Oil prices climbed above $30 for the first time in more than a month Monday as production cuts by the world’s largest producers and a slow return of demand continue to provide support.
West Texas Intermediate crude oil, the U.S. benchmark, gained 8.12 percent to $31.82 per barrel and closed above $30 for the first time since April 8. Brent crude, the international standard, was higher by 7.11 percent at $34.81 a barrel.
WTI futures for June delivery expire Tuesday with prices having seen a sharp reversal from last month’s memorable drop below zero.
“Oil prices are on the rise as global economies open and oil producers are continuing to pull back,” Phil Flynn, senior market analyst at the Price Futures Group, told FOX Business. “Jerome Powell’s concern about the economy means he will keep his foot on the accelerator of economic stimulus which should help energy demand rebound.”
President Trump took note of the surge oil prices in a tweet on Monday.
U.S. rigs in operation have fallen to record lows for two consecutive weeks and inventory data released Wednesday by the Energy Information Administration showed production cuts are working. U.S. stockpiles for the week ended May 8 fell by 745,000 barrels, marking the first decline in 16 weeks.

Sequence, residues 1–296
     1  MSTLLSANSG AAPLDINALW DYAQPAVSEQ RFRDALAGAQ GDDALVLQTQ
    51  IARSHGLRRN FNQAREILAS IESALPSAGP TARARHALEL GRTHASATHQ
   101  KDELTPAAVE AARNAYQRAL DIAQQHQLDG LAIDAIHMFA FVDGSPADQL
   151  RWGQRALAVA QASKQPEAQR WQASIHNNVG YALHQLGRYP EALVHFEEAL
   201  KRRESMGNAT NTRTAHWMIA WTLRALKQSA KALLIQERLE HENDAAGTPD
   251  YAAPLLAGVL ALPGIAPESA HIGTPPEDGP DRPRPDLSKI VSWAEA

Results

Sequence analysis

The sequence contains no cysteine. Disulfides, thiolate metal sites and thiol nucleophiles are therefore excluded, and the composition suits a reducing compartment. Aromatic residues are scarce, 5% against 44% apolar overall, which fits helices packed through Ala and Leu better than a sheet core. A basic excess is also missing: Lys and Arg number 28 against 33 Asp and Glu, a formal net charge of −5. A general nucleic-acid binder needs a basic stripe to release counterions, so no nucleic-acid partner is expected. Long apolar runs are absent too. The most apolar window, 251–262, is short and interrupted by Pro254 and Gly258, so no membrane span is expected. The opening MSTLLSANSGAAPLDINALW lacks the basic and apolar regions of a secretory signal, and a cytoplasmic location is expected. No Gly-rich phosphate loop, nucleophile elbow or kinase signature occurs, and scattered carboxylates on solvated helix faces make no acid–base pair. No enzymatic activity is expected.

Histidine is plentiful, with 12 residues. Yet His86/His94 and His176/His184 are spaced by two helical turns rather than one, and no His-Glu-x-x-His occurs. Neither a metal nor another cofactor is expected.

Kuwait and Saudi Arabia agreed Sunday to shut down production at the joint Al-Khafji oil field for one month beginning June 1, according to Kuwaiti newspaper Al Rai.
Saudi Arabia last week said the kingdom would reduce oil production by 1 million barrels per day, lowering its daily output to about 7.5 million barrels. The output cut was in addition to the historic deal reached last month by the world’s largest producers that reduced global output by about 20 million barrels per day beginning May 1.
Falling global production comes as countries all over the world are beginning to loosen stay-at-home orders designed to slow the spread of COVID-19.
But Federal Reserve Chairman Jerome Powell said on CBS’ “60 Minutes” that the U.S. economy may not fully recover until a successful COVID-19 vaccine is developed – which may not happen until 2021. The Fed chairman vowed to continue to support the economy.
“There's a lot more we can do to support the economy, and we're committed to doing everything we can as long as we need to,” he said.